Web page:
PM Key says central government rethinking its position on regional development; says understands problem of shrinking populations outside Auckland, Christchurch

By Bernard Hickey

Prime Minister John Key has told the annual Local Government New Zealand conference the government is rethinking its position on regional development.

Key was asked by high-profile Otorohonga Mayor Dale Williams about whether central government should relocate government departments and redirect industries to lower-cost and contracting cities and towns in the regions to take some of the infrastructure pressure off the must faster big cities such as Auckland and Christchurch.

"There's a lot of validity in those kind of statements," Key said in response.

"One of the risks for us is that there's heavily pronounced economic development in Auckland, but not in the rest of the country. That creates two problems. It creates enormous pressure on the infrastructure in Auckland. Equally it means you have under-utilised infrastructure around the rest of the country and that would be the wrong thing to occur and not in New Zealand's best long term interests," Key said.

"So the question is how do you encourage that economic activity and we've been doing a bit of thinking around that area and I wouldn't say it's completely crystallised yet," he said.

"What I can say is the sorts of things that help are when we continue to build infrastructure around the rest of the country."

Key referred to how recent announcements of massive new roading and rail investments in Auckland had been done separately from the Land Transport Fund paid for from petrol taxes.  "Otherwise it takes away from the roading projects that occur around the rest of the country," he said.

He also referred to the government's investment in Ultra Fast Broadband and Rural Broadband as another way it was still investing in regional infrastructure.

"There are ways of us doing it and we are giving it some thought," Key said. 

He went on to talk up the benefits of locating businesses in smaller towns and cities outside of Auckland, given they had more stable and often lower cost workforces.

The tone of Key's comments more sympathetic to regional development contrast with those in recent months from Regional Development Minister Stephen Joyce. He said on June 28 when releasing the first official regional GDP statistics that it was up to the regions themselves to promote and encourage businesses to set up and stay in their areas. 

Ageing and contracting

Williams said the problems of contracting and ageing populations in smaller cities and towns was a theme of the conference after Waikato University demographer Natalie Jackson presented a sobering outlook for most councils of ageing and falling populations.

She said 36% of New Zealand's Territorial Local Authorities (TLAs) had seen their populations drop since 1996 and this was likely to deepen and extend throughout most of New Zealand big cities, except Auckland and Christchurch, over the coming decades.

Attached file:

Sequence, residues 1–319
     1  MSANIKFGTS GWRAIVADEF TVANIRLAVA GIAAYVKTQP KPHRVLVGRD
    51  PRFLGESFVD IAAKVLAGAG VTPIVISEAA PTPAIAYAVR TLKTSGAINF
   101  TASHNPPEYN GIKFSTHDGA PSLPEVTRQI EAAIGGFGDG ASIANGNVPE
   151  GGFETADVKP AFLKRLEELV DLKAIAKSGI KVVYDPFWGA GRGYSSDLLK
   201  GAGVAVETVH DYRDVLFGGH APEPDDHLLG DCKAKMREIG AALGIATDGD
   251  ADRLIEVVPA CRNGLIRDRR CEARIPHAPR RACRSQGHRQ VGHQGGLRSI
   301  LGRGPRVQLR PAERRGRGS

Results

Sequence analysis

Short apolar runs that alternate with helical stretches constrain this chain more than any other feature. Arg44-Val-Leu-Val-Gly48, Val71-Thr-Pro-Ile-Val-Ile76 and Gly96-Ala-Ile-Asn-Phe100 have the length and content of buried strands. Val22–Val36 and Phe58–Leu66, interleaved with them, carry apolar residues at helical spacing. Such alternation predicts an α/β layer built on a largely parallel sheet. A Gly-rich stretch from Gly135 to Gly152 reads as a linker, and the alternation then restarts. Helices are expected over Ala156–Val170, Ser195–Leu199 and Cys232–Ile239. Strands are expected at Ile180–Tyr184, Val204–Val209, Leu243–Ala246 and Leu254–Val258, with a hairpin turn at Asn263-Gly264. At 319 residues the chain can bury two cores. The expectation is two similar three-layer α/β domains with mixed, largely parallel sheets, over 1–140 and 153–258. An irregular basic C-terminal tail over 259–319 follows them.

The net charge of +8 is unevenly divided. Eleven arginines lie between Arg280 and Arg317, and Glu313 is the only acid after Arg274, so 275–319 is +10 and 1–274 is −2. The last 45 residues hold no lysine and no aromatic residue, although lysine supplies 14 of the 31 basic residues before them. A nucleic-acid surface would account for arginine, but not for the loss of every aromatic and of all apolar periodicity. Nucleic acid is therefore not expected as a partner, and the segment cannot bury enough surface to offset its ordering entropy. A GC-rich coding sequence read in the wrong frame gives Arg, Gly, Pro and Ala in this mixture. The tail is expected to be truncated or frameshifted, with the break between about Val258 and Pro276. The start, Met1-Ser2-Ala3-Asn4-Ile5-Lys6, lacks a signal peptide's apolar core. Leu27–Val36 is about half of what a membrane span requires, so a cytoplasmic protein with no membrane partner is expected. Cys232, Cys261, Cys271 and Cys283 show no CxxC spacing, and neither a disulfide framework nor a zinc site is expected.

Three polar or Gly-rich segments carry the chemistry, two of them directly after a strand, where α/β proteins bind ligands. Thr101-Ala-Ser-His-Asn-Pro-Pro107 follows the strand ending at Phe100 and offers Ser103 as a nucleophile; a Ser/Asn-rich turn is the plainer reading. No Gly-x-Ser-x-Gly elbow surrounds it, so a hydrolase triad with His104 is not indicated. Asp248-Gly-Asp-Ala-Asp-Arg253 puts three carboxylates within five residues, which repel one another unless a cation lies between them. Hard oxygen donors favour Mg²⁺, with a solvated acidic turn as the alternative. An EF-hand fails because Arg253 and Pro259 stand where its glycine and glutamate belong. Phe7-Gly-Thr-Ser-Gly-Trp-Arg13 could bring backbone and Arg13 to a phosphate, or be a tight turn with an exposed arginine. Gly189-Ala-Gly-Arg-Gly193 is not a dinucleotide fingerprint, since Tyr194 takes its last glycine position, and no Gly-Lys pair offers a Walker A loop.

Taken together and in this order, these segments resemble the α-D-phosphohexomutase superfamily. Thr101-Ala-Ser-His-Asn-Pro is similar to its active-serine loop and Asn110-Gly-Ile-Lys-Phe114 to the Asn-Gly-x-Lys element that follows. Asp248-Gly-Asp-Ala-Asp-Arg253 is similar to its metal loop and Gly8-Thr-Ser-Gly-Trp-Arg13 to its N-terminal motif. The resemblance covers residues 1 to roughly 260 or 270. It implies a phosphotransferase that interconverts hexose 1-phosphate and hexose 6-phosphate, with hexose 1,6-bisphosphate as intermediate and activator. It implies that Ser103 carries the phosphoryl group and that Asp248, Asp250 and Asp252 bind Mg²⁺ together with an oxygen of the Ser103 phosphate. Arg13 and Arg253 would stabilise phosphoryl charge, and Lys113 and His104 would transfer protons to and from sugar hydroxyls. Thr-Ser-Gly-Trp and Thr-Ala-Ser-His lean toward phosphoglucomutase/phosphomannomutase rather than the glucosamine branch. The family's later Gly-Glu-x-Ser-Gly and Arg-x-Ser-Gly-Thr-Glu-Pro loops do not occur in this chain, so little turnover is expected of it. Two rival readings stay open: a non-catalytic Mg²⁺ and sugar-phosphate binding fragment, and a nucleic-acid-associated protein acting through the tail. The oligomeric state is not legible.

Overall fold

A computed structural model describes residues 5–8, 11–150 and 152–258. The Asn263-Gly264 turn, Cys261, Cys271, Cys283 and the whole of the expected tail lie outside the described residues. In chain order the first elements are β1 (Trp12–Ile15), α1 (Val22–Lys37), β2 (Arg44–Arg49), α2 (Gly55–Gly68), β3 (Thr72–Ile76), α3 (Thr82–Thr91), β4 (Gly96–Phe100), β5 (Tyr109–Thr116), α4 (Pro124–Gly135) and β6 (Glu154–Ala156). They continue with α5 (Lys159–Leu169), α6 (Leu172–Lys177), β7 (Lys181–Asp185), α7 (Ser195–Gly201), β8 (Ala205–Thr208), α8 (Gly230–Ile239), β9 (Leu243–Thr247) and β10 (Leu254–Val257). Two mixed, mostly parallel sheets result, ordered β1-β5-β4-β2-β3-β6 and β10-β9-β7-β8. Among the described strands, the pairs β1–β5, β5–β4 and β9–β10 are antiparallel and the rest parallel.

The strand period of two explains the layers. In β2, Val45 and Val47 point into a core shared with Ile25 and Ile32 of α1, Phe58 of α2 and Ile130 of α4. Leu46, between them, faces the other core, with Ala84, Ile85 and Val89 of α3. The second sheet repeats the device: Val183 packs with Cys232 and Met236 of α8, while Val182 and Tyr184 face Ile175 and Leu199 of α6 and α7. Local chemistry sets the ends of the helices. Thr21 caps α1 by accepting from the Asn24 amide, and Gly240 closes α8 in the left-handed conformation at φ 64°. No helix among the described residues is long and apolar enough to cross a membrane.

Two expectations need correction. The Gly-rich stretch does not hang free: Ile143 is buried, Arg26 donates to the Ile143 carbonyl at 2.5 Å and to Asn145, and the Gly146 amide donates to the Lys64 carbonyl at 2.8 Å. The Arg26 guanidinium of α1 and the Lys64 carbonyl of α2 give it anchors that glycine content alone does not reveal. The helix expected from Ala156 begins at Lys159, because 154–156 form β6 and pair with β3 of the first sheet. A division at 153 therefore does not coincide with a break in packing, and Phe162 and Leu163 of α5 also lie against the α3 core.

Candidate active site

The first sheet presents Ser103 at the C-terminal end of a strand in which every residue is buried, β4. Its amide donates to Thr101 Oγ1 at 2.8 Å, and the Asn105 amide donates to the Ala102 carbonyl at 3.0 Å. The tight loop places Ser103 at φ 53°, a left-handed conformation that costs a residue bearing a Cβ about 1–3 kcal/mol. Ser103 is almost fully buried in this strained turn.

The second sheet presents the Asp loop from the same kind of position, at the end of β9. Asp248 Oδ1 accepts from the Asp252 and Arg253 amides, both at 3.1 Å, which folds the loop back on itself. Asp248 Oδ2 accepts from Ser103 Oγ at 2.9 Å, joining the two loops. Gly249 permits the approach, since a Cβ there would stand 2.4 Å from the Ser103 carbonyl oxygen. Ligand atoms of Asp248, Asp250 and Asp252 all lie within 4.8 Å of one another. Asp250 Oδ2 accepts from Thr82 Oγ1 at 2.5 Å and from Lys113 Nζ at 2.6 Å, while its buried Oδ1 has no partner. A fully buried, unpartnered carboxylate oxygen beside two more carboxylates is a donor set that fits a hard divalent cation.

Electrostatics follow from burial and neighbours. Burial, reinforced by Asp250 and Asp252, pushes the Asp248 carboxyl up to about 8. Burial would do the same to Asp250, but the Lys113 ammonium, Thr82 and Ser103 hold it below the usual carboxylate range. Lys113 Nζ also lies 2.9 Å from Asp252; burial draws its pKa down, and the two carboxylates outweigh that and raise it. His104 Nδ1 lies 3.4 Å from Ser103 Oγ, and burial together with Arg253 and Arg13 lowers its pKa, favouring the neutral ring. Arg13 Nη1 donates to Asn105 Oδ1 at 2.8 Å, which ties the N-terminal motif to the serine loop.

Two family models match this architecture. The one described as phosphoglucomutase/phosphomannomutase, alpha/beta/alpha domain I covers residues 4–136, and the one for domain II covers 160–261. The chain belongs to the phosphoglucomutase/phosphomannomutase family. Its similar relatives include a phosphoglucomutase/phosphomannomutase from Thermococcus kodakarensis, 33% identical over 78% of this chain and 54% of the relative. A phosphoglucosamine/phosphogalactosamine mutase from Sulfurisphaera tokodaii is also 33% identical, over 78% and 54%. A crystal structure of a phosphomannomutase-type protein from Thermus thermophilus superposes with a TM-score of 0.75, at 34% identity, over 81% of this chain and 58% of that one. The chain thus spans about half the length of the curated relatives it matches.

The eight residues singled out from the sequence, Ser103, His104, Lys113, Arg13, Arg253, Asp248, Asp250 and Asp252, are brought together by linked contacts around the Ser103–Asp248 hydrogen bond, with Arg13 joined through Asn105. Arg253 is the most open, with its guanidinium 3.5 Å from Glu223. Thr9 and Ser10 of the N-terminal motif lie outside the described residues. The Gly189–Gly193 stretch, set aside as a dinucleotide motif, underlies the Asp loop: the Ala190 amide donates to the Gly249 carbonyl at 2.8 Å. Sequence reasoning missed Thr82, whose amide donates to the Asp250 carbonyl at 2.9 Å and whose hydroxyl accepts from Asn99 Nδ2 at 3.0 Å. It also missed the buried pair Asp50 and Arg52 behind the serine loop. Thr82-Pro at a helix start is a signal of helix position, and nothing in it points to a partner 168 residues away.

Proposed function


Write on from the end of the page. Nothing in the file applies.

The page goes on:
"Populations are ageing and that's bringing us towards the end of (population) growth," Jackson told the conference.

"We may not have to deal with it today, but we must put it on the agenda," she said.

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18 Comments

While there are no jobs for life - the endless restructuring that occurs in the public sector can mean someone who moves to a small town for a job, needs to move again when they are restructured out of a job as it is unlikely there are any other suitable roles in their town. At least in a city, especially the 3 big ones, there are often multiple opportunities for other work to be able to pay that mortgage.

Key was asked by high-profile Otorohonga Mayor Dale Williams about whether central government should relocate government departments and redirect industries to lower-cost and contracting cities and towns in the regions to take some of the infrastructure pressure off the must faster big cities such as Auckland and Christchurch.
What a wonderful idea...    Is there any reasons why we can't do this..??

Government certainly has it within its power to relocate Government departments, although it cannot force staff to move with them if they don't want to - so such a move may be at the expense of the quality of those departments' work, or at the expense of reducing the availability of skilled staff for other local businesses. 
 
Central Government has no power to force private companies to set up in places where they don't want to be.   Local government can try to encourage industries to locate in their regions, by providing excellent local services and infrastructure and competitive rates, but again there's nothing that can force them.

Oh boy. Oh boy. Oh Boy. It's all been done before. This organism called NZ.INC has no memory. It was called "Regional Development Subsidies" Many large companies gorged on it. Spectacular expensive failure. Costly also for the many people who followed the pied-piper-of-hamlin

Williams said the problems of contracting and ageing populations in smaller cities and towns was a theme of the conference after Waikato University demographer Natalie Jackson presented a sobering outlook for most councils of ageing and falling populations.
.......................
I don't recall the old farmers feeling it was "grim" in the old days around Lytellton Harbour. One of the Gardiners at Purua didn't want a road as "that would let the public in"

Thank goodness someone is thinking along these lines.  I'd be happy to help them with  some of the "crystallisation"! 

Kate,
I suspect it will need your help, as one gets the sense they've been thinking about it for 5 minutes, and have no ideas in practice how to deliver such plans.